The sons and grandsons of whale hunters, Hanssen and his brothers are typical of the region’s hardy, self-reliant, nationalistic fishermen who have built fortunes from the cod stocks and are proud that they have no need of the tourist dollar or E.U. subsidies to thrive. For Norway, 2019 was a record year for cod exports (nearly $45 million worth, a 25 percent increase over previous years thanks to larger catches).
As we skim the waves in his Zodiac past his favorite surf sites (the left-hand break at Unstad is said to be one of the best surf spots in Europe, with waves that start in Greenland and gather force, unimpeded, over 1,600-foot-deep underwater trenches, cresting here), he gestures at the sea eagles soaring over the slopes where he likes to skin up and ski off-piste, at the rivers he fords, at the mountains he hikes in the summer. Hanssen talks as though he were king of this domain. And effectively he is: allemannsretten—the freedom to trawl, fish, hike, and camp wherever you like—is a statutory and basic Norwegian right.
But art brings an alternative dimension and new dynamic to the great outdoors. The narrow road to Norway’s deep north is punctuated by installations from the Artscape Nordland project, with international artists as diverse as Antony Gormley, Cildo Meireles, and Dan Graham, whose mirrored cube in Lofoten’s Vågan reflects back the ethereal light of the landscape around.
The freedom to trawl, fish, hike, and camp wherever you like is a statutory and basic Norwegian right.
The Kaviar Factory building had been in danger of crumbling into the sea when it was rescued by Venke and Rolf Hoff, Norway’s most prodigious contemporary-art collectors. The open-plan space of their top-floor apartment creates a spectacle, with the northwesterly wind howling and waves crashing against the rocks below. One glass wall frames a view of blue, broad-beamed Nordland boats chugging in and out of the harbor; ocher-tinted fishermen’s huts; and stark Viking fire-signaling towers standing in high relief against serrated snowcapped mountains that gleam like shark teeth across the shiny pewter seas.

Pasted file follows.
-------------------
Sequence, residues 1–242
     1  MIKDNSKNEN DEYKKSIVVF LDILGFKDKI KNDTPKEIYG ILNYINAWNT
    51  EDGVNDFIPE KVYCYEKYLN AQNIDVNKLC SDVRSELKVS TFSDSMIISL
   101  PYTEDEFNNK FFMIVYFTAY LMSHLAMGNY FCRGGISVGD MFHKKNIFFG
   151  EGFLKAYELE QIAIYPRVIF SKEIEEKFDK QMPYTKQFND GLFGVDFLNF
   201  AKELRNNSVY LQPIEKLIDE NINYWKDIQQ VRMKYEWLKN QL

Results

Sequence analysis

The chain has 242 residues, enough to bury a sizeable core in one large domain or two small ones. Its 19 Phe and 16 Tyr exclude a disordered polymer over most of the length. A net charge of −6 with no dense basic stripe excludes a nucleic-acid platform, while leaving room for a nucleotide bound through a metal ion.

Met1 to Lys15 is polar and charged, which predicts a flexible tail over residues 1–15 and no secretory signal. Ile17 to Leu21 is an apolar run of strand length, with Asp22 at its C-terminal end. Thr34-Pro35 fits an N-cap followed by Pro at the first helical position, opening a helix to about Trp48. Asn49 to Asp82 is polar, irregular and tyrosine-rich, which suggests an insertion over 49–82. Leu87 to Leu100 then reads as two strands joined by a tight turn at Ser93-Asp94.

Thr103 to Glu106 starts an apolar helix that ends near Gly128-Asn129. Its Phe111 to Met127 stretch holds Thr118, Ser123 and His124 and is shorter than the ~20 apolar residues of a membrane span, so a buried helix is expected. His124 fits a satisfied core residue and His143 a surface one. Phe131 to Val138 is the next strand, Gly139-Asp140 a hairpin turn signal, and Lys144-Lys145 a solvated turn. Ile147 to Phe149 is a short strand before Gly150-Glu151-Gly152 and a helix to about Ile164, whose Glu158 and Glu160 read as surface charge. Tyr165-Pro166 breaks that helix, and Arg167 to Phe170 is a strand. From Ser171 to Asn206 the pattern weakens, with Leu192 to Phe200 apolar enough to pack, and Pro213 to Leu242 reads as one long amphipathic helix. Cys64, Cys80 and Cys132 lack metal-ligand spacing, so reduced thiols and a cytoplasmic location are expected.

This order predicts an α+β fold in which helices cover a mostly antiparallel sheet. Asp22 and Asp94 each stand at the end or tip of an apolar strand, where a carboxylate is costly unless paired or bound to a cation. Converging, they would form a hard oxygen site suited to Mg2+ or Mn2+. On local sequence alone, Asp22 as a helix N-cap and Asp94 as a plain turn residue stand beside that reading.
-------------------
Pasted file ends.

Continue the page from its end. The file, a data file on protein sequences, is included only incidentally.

Venke hopes the gallery and the scenery will attract artists to come and stay in her adjacent lighthouse, on a rugged promontory down the coast. With a thrilling eeriness that taps into the raw elemental beauty of the seascape, it consists of a series of small interconnecting rooms filled with Danish 18th-century furniture and china and animated by the mercurial Nordic light. But the writing retreat of my dreams is the boathouse (available for rent, like the lighthouse, through pelorusx.com), a weather-beaten wooden hut with a sauna next door. Soaring racks of pungent drying cod frame the approach, the fish slowly withering and blackening in the wind, like bats hanging from cathedral rafters.
I think about this later, as I wriggle into my single mattress and rustic (if expensive) truckle bed. While the unearthly ghouls that are the northern lights unleash green wisps across the inky Arctic sky, I ponder that, sometimes, the freedom of nature is all the luxury we crave.
Catherine Fairweather is a travel editor and writer based in Somerset, England